NHL 16 is the most recent addition to the NHL series of games by EA Sports. Following a poor showing in last year’s NHL title, many expected EA to have a much better showing in this year by overcoming the growing pains of the newest console generation. Whilst there is versions of this game for the previous console generation (360 and PS3), this review covers the current generation’s iterations (XBONE and PS4).

Like previously stated, last year’s title was found to be subpar by fans of the series, feeling it was shallow and lacked many of the features key to the NHL experience, examples being the “Be a Pro” mode and offline shootout modes as well as online multiplayer whilst playing with guests on your console of choice. That has been fixed, much to my and many other’s pleasure. These modes have vastly been improved, especially the Be A Pro and GM mode, which feels like it took what was best about these career modes of previous games and combined them into a much more user-directed experience, where you feel that what you do as the player or team general manager has a huge effect on how the entire experience is. I could go on about how much more enjoyable this year’s edition is compared to the last five NHL games in this field alone.

The gameplay as well has been overhauled, making the game more accessible to casual players with the addition of on-screen hints to teach the player how to play whilst in-game, but still allowing much more veteran players to the series the ability to hide these hints or custom tweak these hints to just show positive cues for when you play well. The game feels much smoother and realistic to the hockey experience where every move you make affects the player like they are on the ice and not on solid ground.

This still does not leave the game with no flaws, as there are plenty of exploitable ways to easily score/win, which to some makes the game too easy and draws heavy criticism whilst playing the online portions. As well, like many EA sports games, there are a bevy of in-game glitches where players will go flying after a hit or simple contact when the physics engine goes a tad wonky, which are much more hilarious than annoying, but still problematic nonetheless.


The graphics and music themselves haven’t vastly improved, but the overall presentation has been overhauled, as during gameplay it feels like an actual telecast and no longer do the stats “glitch out” during the Be A Pro/GM or Season modes where the stats appear as all zeroes. All the arena experiences feel like the actual place these teams play and the crowds are more involved with the game, having custom signs based on who is playing in said game as well as the players who score, are in goal and even the ones that take penalties.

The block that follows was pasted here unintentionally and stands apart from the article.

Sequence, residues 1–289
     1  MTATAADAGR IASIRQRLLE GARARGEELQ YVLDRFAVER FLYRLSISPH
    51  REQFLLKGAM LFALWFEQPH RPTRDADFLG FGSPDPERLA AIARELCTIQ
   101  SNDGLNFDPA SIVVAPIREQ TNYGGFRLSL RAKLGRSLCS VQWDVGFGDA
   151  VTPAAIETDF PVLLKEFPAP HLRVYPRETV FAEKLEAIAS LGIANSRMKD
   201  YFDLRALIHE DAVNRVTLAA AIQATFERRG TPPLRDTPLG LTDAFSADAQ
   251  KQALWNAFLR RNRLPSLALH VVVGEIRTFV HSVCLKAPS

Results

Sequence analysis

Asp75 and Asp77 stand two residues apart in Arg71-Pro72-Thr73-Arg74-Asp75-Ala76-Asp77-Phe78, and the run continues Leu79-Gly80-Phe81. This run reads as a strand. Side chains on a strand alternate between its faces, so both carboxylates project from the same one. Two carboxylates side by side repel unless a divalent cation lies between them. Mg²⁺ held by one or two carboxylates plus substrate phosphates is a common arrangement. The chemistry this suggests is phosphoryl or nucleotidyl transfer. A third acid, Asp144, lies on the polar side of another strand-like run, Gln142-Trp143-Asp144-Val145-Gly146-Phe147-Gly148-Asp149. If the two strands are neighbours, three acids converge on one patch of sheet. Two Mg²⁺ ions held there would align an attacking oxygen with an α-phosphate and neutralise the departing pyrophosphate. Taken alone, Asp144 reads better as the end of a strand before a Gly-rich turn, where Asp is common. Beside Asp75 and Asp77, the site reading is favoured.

As well, the menus have been redesigned to be much more manageable and user-friendly. The soundtrack itself is lacking as it no longer has a real soundtrack and instead features arena-esque music during stoppages and just very basic menu music whilst out of the game, which is very disappointing. As well, there is no way to put your own music into the game, which is a feature that is very much missed.


The three main online portions of this game have vastly been improved this year, especially in the way the game handles matchmaking, making it more balanced. As someone who rarely plays the online parts of the game itself, when I do rarely play it, it’s great to be matched with someone of my skill level. However, the ability to exploit a few different types of goals, you can find yourself rather frustrated by how easily a game can get of hand.


As the game has redone many of its career modes and overhauled the overall experience, I have found that it’s much easier to want to play this game over and over, making subtle changes to the teams that play, especially with the variety of teams not just from North America but many of the European leagues as well as all the Junior development leagues in Canada, with the unfortunate problem that US colleges and proper IIHF support are missing, which is just a minor issue as the NHL experience is still impressive.


After the poor showing last year, this game absolutely reignited my trust in EA for the series itself. The drawbacks such as exploits, silly glitches and my nitpicks of missing teams pale in comparison to the vast improvements that were put in this time around. Easily can sink a lot of time into this title, especially if you are a hockey fan and the detail put into teaching the user during the game can make even the most inexperienced of players have a hell of a time playing. If you love hockey and have the current gen consoles, I would highly recommend picking this up.

Official Trailer:


Rating: 8.2 / 10

RGN Rating: Silver Game
Developer: EA Canada
Publisher: Electronic Arts
Available On: PlayStation 4 / Xbox ONE

Release Date: September 15, 2015

Review Copy Info: Xbox ONE digital copy purchased by RealGamerNewZ reviewer.

Score Breakdown:
Gameplay- 26/30
Graphics- 4/5
Online Capabilities – 3/5
Replay Value- 8/10
Overall- 41/50, an 82%

Editor’s Note: NHL: Legacy Edition also available for PlayStation 3 and Xbox 360. This is a review of the PS4 / Xbox ONE version of NHL 16.

Editor’s Note: RealGamerNewZ has moved web servers, some older posts can no longer be commented on and have been preserved without their images. Thank you for your understanding in this matter. This article was written by Matthew Dokurno on 20150930 and was last modified on 20150930 .